Many Americans wouldn't think of going shopping without some plastic lining their wallets. But young folks today seem to have fallen out of love with credit cards. Millennials, those aged between 15 and 35-years-old, hold fewer credit cards than any other generation of Americans.

Well, the millennials are not alone in lightening up on the plastic. Since 2008, older Americans have also jettisoned some of their credit cards as many lost their taste for debt. This coincided with a tightening up of credit that made it harder and more expensive for consumers with low credit scores to obtain credit cards.

But it's the millennials who had the biggest percentage drop in credit card use. David Robertson, the publisher of The Nilson Report, observes that younger consumers are avoiding the debt that their parents embraced.

This reluctance can have lasting effects for the millennials. By avoiding credit card use, younger consumers are not developing any level of comfort with debt nor are they establishing a robust credit history. For better or worse, millennials are not financing large purchases, and this may make it harder for them to take out home mortgages later on.

The American public has recently been increasing its use of credit cards. U.S. household debt is up 0.3 percent, or $35 billion, to $12.29 trillion in Quarter 2 of 2016 versus the previous quarter, according the New York Fed. The rise is attributed to climbing auto loans and credit card use. According to the banks, credit card operations are running at full speed and the number of delinquent card users is hitting record lows.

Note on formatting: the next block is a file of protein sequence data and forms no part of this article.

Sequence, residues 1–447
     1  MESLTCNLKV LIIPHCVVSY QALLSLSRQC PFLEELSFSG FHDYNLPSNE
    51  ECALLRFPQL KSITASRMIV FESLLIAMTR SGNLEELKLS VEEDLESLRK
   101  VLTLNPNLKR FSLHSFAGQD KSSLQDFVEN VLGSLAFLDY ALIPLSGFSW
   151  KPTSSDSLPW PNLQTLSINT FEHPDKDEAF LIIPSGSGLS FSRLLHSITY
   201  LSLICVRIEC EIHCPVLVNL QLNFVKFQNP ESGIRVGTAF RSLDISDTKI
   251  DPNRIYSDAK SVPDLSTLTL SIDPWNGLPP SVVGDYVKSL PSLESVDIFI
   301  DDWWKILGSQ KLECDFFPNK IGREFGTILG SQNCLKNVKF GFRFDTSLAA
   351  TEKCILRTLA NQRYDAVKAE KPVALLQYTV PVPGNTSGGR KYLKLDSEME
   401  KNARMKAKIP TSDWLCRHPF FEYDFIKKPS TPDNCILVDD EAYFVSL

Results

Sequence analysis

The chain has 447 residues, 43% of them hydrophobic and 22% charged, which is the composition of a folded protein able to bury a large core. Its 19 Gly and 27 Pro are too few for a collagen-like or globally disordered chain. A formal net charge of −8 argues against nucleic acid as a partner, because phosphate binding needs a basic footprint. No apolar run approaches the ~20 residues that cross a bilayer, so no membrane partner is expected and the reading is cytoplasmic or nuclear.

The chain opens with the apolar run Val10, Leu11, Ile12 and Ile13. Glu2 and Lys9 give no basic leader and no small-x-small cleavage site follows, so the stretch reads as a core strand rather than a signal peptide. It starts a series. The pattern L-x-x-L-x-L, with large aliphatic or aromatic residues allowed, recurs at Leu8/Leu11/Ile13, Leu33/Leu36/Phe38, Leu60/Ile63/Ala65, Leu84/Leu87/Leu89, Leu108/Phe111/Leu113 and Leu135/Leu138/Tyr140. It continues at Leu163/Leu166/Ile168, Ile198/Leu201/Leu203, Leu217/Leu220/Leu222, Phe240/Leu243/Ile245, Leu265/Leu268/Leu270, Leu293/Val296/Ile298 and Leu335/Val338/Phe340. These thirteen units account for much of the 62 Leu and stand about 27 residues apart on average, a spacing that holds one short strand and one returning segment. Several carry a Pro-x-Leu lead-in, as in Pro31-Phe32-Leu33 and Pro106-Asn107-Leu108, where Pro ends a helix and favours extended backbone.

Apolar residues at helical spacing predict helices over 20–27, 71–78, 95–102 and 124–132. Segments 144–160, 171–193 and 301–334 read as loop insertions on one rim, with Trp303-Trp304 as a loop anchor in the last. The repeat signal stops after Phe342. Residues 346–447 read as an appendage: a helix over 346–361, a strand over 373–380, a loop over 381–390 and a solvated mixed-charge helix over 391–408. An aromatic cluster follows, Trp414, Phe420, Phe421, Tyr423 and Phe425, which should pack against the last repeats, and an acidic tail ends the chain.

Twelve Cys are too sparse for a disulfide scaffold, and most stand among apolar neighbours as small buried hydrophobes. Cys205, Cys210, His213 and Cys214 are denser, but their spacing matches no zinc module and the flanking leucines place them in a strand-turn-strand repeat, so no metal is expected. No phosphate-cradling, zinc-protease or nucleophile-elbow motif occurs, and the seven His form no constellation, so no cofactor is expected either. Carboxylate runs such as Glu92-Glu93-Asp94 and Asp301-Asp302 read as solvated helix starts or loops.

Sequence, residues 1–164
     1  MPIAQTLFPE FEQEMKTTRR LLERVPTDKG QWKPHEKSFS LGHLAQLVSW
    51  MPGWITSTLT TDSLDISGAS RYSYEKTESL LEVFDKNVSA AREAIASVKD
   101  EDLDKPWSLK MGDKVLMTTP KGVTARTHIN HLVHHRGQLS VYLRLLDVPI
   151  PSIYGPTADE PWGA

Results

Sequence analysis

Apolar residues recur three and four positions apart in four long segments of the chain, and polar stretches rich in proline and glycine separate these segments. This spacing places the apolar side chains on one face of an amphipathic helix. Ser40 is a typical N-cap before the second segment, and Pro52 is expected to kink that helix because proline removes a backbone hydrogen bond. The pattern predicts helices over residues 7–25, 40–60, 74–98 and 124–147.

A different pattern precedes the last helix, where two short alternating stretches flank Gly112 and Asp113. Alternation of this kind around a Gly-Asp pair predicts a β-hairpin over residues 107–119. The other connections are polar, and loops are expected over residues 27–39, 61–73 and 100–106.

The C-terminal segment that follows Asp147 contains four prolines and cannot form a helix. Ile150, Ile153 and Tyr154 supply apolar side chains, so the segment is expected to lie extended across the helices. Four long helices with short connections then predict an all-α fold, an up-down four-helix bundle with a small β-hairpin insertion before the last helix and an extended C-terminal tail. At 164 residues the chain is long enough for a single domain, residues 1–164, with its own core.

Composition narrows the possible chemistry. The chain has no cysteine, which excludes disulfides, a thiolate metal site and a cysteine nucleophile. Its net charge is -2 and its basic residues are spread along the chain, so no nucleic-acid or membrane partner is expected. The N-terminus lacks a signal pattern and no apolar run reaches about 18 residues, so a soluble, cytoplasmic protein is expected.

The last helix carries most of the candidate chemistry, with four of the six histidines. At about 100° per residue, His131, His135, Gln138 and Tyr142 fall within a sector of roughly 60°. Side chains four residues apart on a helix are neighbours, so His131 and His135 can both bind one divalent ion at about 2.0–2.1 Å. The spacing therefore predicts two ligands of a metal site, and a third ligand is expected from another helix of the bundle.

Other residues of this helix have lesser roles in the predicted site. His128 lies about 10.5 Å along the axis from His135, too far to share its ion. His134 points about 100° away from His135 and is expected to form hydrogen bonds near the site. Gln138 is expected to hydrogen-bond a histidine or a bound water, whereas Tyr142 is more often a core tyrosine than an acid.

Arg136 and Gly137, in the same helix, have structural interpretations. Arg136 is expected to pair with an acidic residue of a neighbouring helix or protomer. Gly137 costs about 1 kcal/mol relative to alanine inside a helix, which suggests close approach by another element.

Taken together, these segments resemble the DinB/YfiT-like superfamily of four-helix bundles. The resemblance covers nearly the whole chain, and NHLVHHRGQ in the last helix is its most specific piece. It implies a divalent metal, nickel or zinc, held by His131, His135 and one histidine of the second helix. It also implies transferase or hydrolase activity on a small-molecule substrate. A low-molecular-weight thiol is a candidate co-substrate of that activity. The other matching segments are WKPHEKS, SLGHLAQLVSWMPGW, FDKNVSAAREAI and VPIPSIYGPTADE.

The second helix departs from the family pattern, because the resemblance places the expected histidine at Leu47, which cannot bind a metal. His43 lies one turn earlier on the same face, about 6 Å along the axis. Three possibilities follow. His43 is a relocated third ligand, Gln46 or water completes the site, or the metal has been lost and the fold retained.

One factor that may be depressing millennials' use of credit cards is the exploding level of student debt that leaves less money left over for them to make large purchases. Folks with tens of thousands in student loans might be too gun-shy to incur any new debt. After all, 2 in 3 parents can only pay part of their children's tuition and they themselves are often in debt.

Other may have seen friends and families lose their businesses in the Great Recession when banks cut off their credit lines. All of these factors seem to have instilled a sense of patience among the millennials who would rather pay with cash than take on any form of debt.

Subprime borrowers have been returning to the credit card market in the last couple of years as financial institutions loosened credit standards. Nonetheless, millennials still depend on their checking accounts, via debit cards and mobile apps like Venmo, to pay for a pack of gum or a trip to Europe.

The millennial effect could have negative effects on the U.S. economy. Credit cards help fuel consumer buying, the backbone of the American economy. It takes longer to purchase, say, a washing machine if you insist on paying with cash.

Scant credit histories might also interfere with the home-buying plans of millennials, which means they might not need that washing machine any time soon. On the plus side, the new credit sobriety might mean that millennials will be able to save and invest more for their retirements, certainly an admirable accomplishment.